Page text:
Journal Article

Contraceptive use before and after abortion: A cross-sectional study from Nigeria and Côte d’Ivoire

Post-abortion contraception enables women to effectively manage their fertility to prevent unintended pregnancies. Using data from population-based surveys of women aged 15–49 in Nigeria and Côte d'Ivoire, we examined contraceptive dynamics immediately before and after an abortion and examined factors associated with these changes using multivariable logistic regressions. Covariates included sociodemographic characteristics, abortion source, post-abortion contraceptive communication (wanting to and actually talking to someone about contraception after abortion), and perceived contraceptive autonomy. We observed higher contraceptive use after abortion than before abortion. In Nigeria, wanting to talk to someone about contraception post-abortion was associated with increased adoption and decreased discontinuation, whereas talking to someone about contraception post-abortion was associated with increased adoption. Obtaining care from a clinical abortion source was associated with increased adoption and decreased discontinuation. Both post-abortion contraceptive communication variables were associated with post-abortion contraceptive use in both countries, whereas clinical source was only associated with post-abortion contraceptive use in Nigeria. Our findings suggest that ensuring that women have access to safe abortion as part of the formal health care system and receive comprehensive, high-quality post-abortion care services that include contraceptive counseling enables them to make informed decisions about their fertility that align with their reproductive goals.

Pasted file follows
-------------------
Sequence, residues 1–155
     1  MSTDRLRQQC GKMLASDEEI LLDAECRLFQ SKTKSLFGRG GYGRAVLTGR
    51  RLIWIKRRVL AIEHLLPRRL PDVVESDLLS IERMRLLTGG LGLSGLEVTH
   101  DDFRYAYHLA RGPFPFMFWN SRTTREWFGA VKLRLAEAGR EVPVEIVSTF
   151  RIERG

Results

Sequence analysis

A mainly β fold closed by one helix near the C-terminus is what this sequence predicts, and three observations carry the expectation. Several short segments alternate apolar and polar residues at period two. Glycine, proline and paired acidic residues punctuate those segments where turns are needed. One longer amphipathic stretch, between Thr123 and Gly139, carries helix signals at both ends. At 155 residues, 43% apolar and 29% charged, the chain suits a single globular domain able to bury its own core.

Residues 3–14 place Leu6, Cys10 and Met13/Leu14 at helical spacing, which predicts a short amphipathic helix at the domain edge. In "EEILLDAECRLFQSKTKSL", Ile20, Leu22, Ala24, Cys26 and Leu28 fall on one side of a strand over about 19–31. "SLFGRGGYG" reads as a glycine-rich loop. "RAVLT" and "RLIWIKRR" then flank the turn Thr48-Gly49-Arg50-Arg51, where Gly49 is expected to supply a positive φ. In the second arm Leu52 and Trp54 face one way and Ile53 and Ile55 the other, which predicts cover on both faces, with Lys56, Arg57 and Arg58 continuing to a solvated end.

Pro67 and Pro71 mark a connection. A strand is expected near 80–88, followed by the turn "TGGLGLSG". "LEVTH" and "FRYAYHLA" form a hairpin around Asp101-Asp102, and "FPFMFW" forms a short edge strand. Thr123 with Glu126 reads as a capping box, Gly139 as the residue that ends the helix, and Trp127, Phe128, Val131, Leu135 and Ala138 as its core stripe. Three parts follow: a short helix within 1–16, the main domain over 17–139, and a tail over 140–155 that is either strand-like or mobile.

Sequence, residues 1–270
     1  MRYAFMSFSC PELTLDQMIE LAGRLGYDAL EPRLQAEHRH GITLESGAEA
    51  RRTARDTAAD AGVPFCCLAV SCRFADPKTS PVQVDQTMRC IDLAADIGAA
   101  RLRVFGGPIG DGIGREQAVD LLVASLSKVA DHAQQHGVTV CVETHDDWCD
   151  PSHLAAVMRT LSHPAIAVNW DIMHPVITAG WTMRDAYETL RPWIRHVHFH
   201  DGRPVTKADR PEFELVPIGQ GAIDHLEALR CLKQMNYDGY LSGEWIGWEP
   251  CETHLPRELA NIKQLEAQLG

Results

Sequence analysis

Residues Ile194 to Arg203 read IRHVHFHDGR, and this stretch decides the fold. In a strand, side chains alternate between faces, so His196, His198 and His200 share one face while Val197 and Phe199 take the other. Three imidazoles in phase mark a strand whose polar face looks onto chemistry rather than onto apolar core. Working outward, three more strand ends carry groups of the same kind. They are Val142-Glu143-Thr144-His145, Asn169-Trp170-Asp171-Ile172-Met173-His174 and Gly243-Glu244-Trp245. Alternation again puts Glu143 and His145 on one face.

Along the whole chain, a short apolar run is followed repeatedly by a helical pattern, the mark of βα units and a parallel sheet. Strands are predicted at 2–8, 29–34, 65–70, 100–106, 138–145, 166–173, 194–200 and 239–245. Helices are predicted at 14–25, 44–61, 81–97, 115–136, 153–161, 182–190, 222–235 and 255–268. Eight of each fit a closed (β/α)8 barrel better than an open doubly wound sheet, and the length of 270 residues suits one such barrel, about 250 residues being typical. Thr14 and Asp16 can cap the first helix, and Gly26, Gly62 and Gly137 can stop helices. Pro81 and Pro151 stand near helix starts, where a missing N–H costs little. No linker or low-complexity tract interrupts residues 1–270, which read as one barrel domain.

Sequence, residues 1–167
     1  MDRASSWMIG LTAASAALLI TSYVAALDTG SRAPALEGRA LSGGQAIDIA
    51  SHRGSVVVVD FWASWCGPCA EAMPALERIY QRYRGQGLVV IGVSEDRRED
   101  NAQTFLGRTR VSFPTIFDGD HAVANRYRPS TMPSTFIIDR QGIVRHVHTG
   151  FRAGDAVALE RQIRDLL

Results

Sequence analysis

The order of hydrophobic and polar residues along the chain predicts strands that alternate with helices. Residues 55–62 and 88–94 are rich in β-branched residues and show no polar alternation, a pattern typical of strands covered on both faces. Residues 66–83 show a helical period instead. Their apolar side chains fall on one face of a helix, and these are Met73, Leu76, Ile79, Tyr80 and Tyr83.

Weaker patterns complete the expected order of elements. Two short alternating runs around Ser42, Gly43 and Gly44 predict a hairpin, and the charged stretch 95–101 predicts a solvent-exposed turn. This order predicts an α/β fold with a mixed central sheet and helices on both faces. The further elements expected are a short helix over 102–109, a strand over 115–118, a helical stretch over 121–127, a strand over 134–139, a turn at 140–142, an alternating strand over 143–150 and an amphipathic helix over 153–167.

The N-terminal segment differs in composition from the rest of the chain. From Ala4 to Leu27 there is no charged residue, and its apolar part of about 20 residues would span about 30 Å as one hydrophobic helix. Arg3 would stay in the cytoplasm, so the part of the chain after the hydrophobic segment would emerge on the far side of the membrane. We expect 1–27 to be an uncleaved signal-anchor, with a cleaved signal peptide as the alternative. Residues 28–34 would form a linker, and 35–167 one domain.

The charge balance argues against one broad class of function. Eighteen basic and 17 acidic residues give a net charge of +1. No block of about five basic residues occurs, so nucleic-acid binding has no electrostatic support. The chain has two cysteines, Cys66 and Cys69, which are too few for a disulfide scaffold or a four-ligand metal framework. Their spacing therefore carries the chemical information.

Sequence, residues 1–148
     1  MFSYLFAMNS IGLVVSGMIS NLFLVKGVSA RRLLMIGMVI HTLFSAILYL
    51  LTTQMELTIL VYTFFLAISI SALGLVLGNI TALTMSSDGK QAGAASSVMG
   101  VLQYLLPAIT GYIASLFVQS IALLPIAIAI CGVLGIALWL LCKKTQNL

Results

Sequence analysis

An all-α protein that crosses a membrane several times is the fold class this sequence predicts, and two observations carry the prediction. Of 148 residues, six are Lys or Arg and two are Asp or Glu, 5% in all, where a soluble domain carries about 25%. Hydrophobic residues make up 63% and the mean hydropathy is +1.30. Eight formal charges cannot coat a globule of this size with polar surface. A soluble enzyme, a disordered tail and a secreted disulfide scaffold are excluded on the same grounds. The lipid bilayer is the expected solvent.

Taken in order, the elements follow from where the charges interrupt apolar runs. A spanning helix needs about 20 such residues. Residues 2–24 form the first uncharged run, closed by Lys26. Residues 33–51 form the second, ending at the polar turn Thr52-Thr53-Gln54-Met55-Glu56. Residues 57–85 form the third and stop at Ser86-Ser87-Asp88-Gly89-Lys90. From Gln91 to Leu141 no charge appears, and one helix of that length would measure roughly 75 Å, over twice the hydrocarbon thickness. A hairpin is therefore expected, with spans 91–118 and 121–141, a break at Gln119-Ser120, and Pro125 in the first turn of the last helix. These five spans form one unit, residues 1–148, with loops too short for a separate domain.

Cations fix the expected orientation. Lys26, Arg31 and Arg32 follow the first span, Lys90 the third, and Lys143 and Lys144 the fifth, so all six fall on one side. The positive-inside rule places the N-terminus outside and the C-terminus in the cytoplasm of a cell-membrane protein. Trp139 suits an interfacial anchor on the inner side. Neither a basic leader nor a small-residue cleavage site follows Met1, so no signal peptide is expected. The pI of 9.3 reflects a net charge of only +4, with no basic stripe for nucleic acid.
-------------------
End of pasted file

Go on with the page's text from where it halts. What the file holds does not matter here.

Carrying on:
Published in a peer-reviewed journal of the Population Council.